After completing his internship at a mine in Rustenburg, he soon found his chosen career to be boring and repetitive.
It was a big disappointment for Tshabalala, who started his studies amid a mining boom that provided newly minted engineers with seemingly high salaries.
It wasn’t long before he applied for a job in the banking industry.
“We all had the same expectation in the beginning, but on the ground, I wasn’t excited anymore. So I decided to look for something else hoping it would pay off,” he said.
Tshabalala is not the only graduate who walked away from the engineering profession due to a lack of familiarity with the opportunities available in the sector.
Professor Ronny Webber-Youngman, head of Mining Engineering at the University of Pretoria, believes managing student expectations is a more pressing challenge.
“Many students choose a mining engineering degree for the wrong reasons. You find that they do not have an appetite for the profession and don’t understand the industry and its challenges,” he says.
A study conducted by Brunswick, an advisory firm specialising in critical issues and corporate relations, found that the mining industry appeared to have neglected to communicate in a way that resonated with students.
The study explored the positive and negative associations with the industry and the factors that made it attractive or unattractive to potential candidates.
“The aim of the research was to understand how students in the UK and South Africa viewed the mining industry, both regarding the overall perceptions and also its ‘employer brand’,” said Timothy Schultz, director at Brunswick.
The overall perceptions of the mining sector differed somewhat among students in the UK and South Africa. In the UK, most students were neutral, primarily due to a lack of knowledge of the industry.
In an interview with Mining Weekly, Chamber of Mines chief executive Roger Baxter says the South African mining industry has a retention rate of 15% with most graduates eventually moving into other fields such as consulting and banking.
For students in both the UK and South Africa, a significant barrier to working in the mining industry was a lack of familiarity with the opportunities available. There was agreement on the lack of visibility of mining-related companies at universities (for example at career fairs), with those people studying mining-related courses saying they did not feel well-informed.
This resulted in students being left with the default view that jobs in the mining industry equated to working in a mine; it was difficult for them to visualise the corporate and professional roles that go beyond this.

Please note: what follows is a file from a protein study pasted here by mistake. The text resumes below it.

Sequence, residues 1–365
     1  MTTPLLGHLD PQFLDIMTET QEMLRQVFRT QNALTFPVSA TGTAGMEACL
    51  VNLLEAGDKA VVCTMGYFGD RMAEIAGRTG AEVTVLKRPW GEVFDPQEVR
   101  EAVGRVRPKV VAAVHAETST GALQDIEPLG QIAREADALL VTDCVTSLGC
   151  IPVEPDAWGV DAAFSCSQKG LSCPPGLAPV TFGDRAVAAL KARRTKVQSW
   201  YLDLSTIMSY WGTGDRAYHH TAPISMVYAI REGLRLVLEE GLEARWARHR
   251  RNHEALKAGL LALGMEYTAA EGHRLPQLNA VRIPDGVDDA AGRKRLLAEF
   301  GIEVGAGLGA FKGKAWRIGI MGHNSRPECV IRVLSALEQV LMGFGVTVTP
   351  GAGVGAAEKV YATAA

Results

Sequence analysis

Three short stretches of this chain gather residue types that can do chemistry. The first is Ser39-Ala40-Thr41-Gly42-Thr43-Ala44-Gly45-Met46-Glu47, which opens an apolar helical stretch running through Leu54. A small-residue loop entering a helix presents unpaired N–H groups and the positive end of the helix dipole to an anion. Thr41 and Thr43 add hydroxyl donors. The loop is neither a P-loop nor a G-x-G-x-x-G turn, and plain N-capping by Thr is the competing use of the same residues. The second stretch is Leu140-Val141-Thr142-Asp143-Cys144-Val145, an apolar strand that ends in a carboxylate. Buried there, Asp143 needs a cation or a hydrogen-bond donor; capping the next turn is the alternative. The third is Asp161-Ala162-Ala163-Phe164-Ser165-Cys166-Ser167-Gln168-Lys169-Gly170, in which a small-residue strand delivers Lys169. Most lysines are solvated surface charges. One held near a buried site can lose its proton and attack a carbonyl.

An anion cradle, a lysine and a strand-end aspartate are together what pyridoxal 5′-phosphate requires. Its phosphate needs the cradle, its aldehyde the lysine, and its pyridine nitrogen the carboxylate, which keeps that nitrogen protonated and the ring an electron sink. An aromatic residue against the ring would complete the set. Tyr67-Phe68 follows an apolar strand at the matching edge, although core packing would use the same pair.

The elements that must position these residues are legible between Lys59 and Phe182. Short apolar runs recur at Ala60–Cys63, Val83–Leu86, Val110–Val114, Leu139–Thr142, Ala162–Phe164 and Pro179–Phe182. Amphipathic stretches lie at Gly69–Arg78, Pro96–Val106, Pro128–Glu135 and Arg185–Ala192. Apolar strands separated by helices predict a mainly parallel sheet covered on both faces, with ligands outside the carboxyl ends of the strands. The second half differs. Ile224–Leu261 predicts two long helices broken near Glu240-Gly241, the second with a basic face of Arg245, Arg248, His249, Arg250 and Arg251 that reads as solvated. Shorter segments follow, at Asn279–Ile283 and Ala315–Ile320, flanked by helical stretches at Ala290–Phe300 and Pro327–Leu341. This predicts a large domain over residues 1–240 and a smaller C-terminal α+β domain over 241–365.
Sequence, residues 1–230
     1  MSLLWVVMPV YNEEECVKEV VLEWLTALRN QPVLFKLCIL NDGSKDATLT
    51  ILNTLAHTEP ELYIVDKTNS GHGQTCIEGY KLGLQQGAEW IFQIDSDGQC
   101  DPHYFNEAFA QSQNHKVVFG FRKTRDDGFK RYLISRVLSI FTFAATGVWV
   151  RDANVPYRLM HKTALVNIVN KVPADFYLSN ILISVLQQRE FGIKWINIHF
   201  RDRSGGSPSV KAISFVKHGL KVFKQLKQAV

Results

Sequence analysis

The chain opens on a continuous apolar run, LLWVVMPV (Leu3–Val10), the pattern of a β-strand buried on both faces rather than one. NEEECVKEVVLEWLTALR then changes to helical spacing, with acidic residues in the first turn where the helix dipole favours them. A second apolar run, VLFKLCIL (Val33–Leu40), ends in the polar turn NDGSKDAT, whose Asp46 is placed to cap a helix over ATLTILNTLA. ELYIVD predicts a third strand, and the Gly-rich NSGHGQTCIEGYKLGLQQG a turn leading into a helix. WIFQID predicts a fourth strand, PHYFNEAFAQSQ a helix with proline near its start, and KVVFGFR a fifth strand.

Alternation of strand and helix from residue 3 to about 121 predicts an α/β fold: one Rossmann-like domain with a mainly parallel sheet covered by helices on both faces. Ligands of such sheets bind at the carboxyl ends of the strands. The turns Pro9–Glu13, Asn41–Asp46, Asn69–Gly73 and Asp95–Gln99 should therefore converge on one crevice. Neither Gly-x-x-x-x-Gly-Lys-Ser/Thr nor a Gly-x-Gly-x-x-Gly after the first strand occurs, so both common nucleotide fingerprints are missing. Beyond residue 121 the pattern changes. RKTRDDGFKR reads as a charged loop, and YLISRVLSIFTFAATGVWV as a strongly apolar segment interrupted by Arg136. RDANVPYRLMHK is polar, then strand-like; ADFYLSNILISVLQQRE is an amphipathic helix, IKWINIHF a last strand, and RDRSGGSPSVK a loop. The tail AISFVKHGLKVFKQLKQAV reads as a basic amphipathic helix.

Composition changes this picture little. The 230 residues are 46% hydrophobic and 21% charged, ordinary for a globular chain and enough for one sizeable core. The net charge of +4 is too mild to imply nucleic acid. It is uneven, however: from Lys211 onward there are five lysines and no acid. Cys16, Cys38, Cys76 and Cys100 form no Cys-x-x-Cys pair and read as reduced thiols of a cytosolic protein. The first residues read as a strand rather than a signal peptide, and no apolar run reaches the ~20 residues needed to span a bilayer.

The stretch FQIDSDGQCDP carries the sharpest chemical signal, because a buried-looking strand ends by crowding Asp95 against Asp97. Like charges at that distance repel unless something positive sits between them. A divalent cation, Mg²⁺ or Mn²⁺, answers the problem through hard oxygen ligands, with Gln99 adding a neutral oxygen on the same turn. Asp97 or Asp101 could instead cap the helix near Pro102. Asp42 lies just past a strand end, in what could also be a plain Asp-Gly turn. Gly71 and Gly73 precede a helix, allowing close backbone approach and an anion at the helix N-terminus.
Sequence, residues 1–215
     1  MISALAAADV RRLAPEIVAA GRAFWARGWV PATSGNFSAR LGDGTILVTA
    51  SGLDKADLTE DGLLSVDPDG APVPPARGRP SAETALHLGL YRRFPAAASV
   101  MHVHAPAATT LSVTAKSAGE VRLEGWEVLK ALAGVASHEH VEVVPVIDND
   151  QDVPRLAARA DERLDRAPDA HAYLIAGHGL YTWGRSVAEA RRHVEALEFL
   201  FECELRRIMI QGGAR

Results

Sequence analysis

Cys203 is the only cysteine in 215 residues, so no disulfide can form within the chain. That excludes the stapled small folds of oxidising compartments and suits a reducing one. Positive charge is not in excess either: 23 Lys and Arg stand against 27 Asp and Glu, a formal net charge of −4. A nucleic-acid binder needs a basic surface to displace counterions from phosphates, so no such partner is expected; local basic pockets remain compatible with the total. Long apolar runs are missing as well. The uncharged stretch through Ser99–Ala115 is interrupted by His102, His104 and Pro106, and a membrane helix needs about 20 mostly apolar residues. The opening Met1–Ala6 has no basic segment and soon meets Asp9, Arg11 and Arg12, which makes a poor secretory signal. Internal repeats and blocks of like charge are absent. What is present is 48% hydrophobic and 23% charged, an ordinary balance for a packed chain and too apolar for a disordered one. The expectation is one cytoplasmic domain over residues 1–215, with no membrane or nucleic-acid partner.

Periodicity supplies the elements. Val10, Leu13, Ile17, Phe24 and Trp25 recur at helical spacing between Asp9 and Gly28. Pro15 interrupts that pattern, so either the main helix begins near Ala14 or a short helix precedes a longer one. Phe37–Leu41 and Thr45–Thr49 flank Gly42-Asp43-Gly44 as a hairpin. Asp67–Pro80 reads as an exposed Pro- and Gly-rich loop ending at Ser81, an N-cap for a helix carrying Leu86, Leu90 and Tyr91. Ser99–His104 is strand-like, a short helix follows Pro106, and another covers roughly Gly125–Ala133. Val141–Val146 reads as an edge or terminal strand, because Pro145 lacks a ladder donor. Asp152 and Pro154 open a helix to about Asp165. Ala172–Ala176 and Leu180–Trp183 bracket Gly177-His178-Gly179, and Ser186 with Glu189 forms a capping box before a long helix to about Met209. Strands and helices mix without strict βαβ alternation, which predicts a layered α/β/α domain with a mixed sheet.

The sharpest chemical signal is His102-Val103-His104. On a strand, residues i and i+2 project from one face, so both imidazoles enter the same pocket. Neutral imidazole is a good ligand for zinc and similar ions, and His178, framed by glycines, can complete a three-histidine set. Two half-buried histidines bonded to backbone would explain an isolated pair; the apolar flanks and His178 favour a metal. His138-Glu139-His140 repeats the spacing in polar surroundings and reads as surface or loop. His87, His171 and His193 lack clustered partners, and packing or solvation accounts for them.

“We need to get young people to understand that it is a dynamic and innovative industry, which offers a broad range of opportunities, ranging from the engineering professions all the way through to medical professionals, lawyers, accountants and strategists,” said Sandra du Toit, head of Africa corporate finance: mining and metals, at Standard Bank.
A lawyer by profession, Du Toit recalled her introduction to the mining industry where she was recruited into a boutique law firm that focused on the mining sector.
“As a new lawyer, I was involved in everything from labour matters for mining companies to complex litigation involving old royalty agreements. As I matured into mergers and acquisitions, as a young corporate lawyer, that focus on the mining industry was sustained,” she says. Du Toit had the opportunity to do everything from drafting mining contracts and tolling agreements to doing due diligence investigations into mining companies and preparing merger notifications on mining transactions for the competition authorities.
In South Africa, students held stronger (more negative) views of the sector, driven by issues relating to national interest and the perceived exploitation of the country by foreign mining companies.
Despite this, in both markets, students were able to identify a range of positive associations with mining. These included the creation of jobs, technological innovation and a sense that progress had been made regarding environmental and social responsibility.
“It creates jobs. If you have a mine in one area, it’ll boost the local economy (and) that will create jobs (and) better health care. I think it can have a good social impact,” said a student from the UK.
Although mechanisation, digitisation and big data is the type of technology that is revolutionising mining, students don’t associate mining with innovation.
“I believe we are in an exciting place when it comes to innovation, taking into consideration how it’s being applied in all aspects of the mining industry. It’s a good time for young people to become involved, but more needs to be done by mining companies to promote such opportunities,” said Claire McMaster, group human resources manager at MSA group.
McMaster, past chairperson of Women in Mining South Africa (Wimsa) and currently Wimsa patron, says Wimsa works with Sci-Bono (southern Africa’s largest science centre) through career fairs.
“We talk to students about the nature of the mining industry, the different roles as well as their employment prospects.
By the end of the day, they walk away excited knowing that they have options at their disposal,” she says.
Norman Mbazima, deputy chair of Anglo American South Africa, urges mining students to pursue a career in the mining sector, saying the demand for young, skilled mining professionals is on the rise.
“When metal prices are low, change is needed. You can’t change everything, but ingenuity is required for this industry and that’s where young minds are needed,” he said.